Saturday 27 June 2015

Probiotics, schizophrenia and inflammation

I have to say that I was initially pretty interested to read the paper by Jakub Tomasik and colleagues [1] (open-access available here) discussing results examining the "possible immunomodulatory effects of probiotic supplementation in chronic schizophrenia patients."

Interested because not only was this a partnership paper including Robert Yolken and Faith Dickerson on the authorship list (names who have appeared a few times on this blog) but also because of the subject matter extending some research interest into how gastrointesinal (GI) 'functions' may very well have some important implications for at least some cases of schizophrenia (see here) particularly linked to the concept of inflammation. This area of research on a 'gut-brain connection', also links into a body of work with autism in mind (see here) and with that autism connection, mention of one Sabine Bahn as a co-author and some research she has published [2] is also worth noting.

In the current paper, Tomasik et al describe work following on from a previous study by Dickerson and colleagues [3] suggesting that adjuvant probiotic use may "help to prevent severe bowel difficulty in patients with schizophrenia" even if not significantly affecting the behavioural presentation of schizophrenia on that research occasion. With no endorsement given or intended, the probiotic preparation in question was called Bifiform Balance and contained "the probiotic organism L. rhamnosus GG and... colony forming units of the probiotic organism Bifidobacterium animalis subsp. lactis BB12 (Ferrosan).Lactobacillus rhamnosus GG has appeared before on this blog (see here) so I was intrigued as I always am when it comes to gut bacteria and health / behaviour.

Authors describe how blood samples from 58 participants who completed the previous Dickerson trial ("31 in the probiotic arm and 27 in the placebo arm") were collected pre- and post-trial (after 14 weeks) and serum samples analysed by immunoassay "targeting selected inflammatory markers, including cytokines, chemokines, and acute-phase reactants."

Results: "Probiotic add-on treatment significantly reduced levels of von Willebrand factor (vWF) and increased levels of monocyte chemotactic protein-1 (MCP-1), brain-derived neurotrophic factor (BDNF), RANTES, and macrophage inflammatory protein-1 beta (MIP-1) beta with borderline significance (P ≤ 0.08)." Actually, the only significant effect was noted for vWF (p=0.047) for which levels seemed to drop following probiotic use. Also interesting was the finding that within the group taking the placebo (although I'm not altogether sure what this contained) there were significant pre- and post-intervention differences for compounds such as vascular cell adhesion molecule 1 (VCAM-1) and intercellular adhesion molecule 1 (ICAM-1); both showing reductions.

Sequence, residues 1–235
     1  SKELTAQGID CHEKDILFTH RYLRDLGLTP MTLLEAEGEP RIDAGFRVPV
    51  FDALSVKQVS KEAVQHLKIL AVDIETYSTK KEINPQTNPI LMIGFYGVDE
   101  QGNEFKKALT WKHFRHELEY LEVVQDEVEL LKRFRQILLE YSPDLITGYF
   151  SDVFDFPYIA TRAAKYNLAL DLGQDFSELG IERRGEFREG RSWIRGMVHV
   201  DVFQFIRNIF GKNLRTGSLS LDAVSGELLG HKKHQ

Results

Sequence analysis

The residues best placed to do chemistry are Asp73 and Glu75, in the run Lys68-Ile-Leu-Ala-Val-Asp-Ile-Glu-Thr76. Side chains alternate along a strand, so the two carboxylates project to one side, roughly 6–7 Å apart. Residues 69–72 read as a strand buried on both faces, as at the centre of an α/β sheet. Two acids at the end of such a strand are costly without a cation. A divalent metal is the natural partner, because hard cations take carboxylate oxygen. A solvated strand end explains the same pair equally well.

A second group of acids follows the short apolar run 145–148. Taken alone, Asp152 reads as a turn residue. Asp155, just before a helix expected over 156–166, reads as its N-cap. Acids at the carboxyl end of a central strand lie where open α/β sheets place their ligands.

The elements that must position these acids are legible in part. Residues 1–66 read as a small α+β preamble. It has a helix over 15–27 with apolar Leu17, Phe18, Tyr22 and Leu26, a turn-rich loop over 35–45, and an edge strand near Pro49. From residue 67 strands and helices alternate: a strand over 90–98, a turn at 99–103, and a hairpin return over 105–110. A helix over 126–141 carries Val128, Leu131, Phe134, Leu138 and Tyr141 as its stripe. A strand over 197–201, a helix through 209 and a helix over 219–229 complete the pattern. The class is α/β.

The authors note that the significant reduction in levels of vWF within the context of probiotics as an add-on treatment alongside more commonplace pharmacotherapy for schizophrenia might have some important implications for "certain cardiovascular risk parameters" for example. This statement is rooted in the idea that vWF has some research history when it comes to schizophrenia both outside [4] and inside this connection [5]. Certainly, vWF shows a link to inflammation and with mention of the words adhesion too. In the context of schizophrenia, inflammation is of growing interest...

"We conclude that probiotics have immunomodulatory effects in schizophrenia patients, affecting molecules that do not respond to standard antipsychotic therapy." If one goes by the statistical book, I'm not entirely sure that the current findings are completely in line with that last statement. Yes, vWF showed something of a 'relationship' to the probiotic use but the other results with "borderline significance" and the fact that authors "were not able to detect all targeted cytokines in [their] clinical samples", I'd be a little cautious about saying too much more.

Music: House Of Love - Destroy The Heart.


[1] Tomasik J. et al. Immunomodulatory Effects of Probiotic Supplementation in Schizophrenia Patients: A Randomized, Placebo-Controlled Trial. Biomark Insights. 2015 Jun 1;10:47-54.

[2] Schwarz E. et al. Sex-specific serum biomarker patterns in adults with Asperger's syndrome. Mol Psychiatry. 2011 Dec;16(12):1213-20.

[3] Dickerson FB. et al. Effect of probiotic supplementation on schizophrenia symptoms and association with gastrointestinal functioning: a randomized, placebo-controlled trial. Prim Care Companion CNS Disord. 2014;16(1). pii: PCC.13m01579.

[4] Hope S. et al. Similar immune profile in bipolar disorder and schizophrenia: selective increase in soluble tumor necrosis factor receptor I and von Willebrand factor. Bipolar Disord. 2009 Nov;11(7):726-34.

[5] Dieset I. et al. Cardiovascular risk factors during second generation antipsychotic treatment are associated with increased C-reactive protein. Schizophr Res. 2012 Sep;140(1-3):169-74.

---------- Tomasik J, Yolken RH, Bahn S, & Dickerson FB (2015). Immunomodulatory Effects of Probiotic Supplementation in Schizophrenia Patients: A Randomized, Placebo-Controlled Trial. Biomarker insights, 10, 47-54 PMID: 26052224

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